Tag Archive for: fix and flip loans

For a successful investment career, start with these 7 Fundamentals of a Real Estate Deal

Are you “money wise”? It’s not hard to get there. And it will save you a lot of cash down the line.

It’s like when a person who knows about cars goes to a mechanic – they have peace of mind because they understand what’s going on. If you’re not a “car person,” at the mechanic’s it’s harder to figure out if they’re telling you the truth, or just trying to sell you more than you need.

As a real estate investor, leverage is at the center of what you do. It’s like a foreign language when you first start out. But when you become money wise, the leverage in your real estate investment career is fully in your hands.

Here are 7 real estate loan fundamentals that will make you money wise.

Fundamentals of a Real Estate Deal

There’s certain information you’ll need to bring to your lender when you need a loan. If you know the answers to their questions, the time with your lender will be much more productive.

At the end of the day, lenders want to know: Do you have a good deal? (And you should want to know the answer, too!)

We’re going to dive into 7 main concepts to answer that question:

  • Strategy
  • Purchase Price / Contract
  • Scope of Work
  • Budget
  • Estimated Profit  / Equity
  • Comps / ARV
  • Exit Strategy

I. Strategy – What Is a Real Estate Strategy?

When your lender asks about your strategy, they want to know whether you’ll use the property as a

  • fix-and-flip
  • a rental
  • or if you’re not sure yet.

What is a real estate strategy dependent on? 1) your goals, and 2) the property.

You’ll have to know the numbers to know if the property will make a good flip with carry costs you can afford, or if it would cash flow well as a BRRRR-style rental.

But how do you “know the numbers”? Let’s start with the cost of the property.

II. Purchase Price / Contract – What Are the Fundamental Numbers of a Real Estate Loan?

Your lender could refer to this as purchase price, contract, or as-is value.

In real estate investment, there’s a distinction between what you’re paying for a property and what it’s worth. The purchase price isn’t necessarily what the value of the home is.

This is the number on the contract, the number you’ve agreed to buy the property for. And this number is foundational to whether or not your project will turn a profit.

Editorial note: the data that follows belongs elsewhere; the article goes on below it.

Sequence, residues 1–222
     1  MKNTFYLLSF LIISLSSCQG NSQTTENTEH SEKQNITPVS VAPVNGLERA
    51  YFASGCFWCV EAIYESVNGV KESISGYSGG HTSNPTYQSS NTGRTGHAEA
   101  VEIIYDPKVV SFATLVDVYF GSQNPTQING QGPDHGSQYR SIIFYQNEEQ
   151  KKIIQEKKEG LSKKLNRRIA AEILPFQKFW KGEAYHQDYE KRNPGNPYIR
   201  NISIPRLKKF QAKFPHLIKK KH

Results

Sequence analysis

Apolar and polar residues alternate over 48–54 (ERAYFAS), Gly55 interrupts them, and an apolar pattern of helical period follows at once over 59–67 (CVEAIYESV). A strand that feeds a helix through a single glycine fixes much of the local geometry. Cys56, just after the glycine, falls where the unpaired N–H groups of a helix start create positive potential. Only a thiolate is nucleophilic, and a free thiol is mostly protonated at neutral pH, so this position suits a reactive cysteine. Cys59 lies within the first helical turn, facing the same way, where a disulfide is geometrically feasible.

III. Scope of Work – How Do You Fix Up a Real Estate Investment?

Many beginner investors mistake “scope of work” for the budget. Scope of work is what you’re going to do to the property, not the number of what that work will cost.

Will you add a bedroom? Re-do the garage? Are you going to convert the porch to additional square footage? Or add egress windows to the basement?

Scope of work is your rehab plan. Lenders need this info to find out what kinds of properties they should compare to yours to estimate an after repair value.

IV. Budget – What Is a Real Estate Budget?

During the conversation with your lender, have a high overview of your construction budget. You don’t necessarily need all the details ironed out quite yet.

For example, you can estimate that the kitchen will cost $10,000, siding $6,000, windows $4,000, and new paint $2,000. At this point, you don’t need to share a breakdown of the cost of each new appliance, labor and materials, etc.

You just need a realistic estimate of how much it will cost to get into the property. Having your scope of work lined out helps you with an estimated budget. When you know the purchase price an your budget, then you know how much the entire project will cost.

V. Estimated Profit (Flips) / Estimated Equity (Rentals) – How Much Will a Deal Make?

Estimated profit is what you expect to make on the transaction, between buying the property, fixing it up, and selling it again.

Equity is the difference between the amount you owe and what the property is worth. You build equity on your rentals by successfully refinancing after a flip and paying down the mortgage with rent income.

The number one reason to be in real estate investment is to make money and create wealth – it’s true for lenders, and it’s true for you. So, it’s important to both you and your lender that your properties make profit or build equity.

You’ll need your estimated profit / equity when you bring a deal to your lender.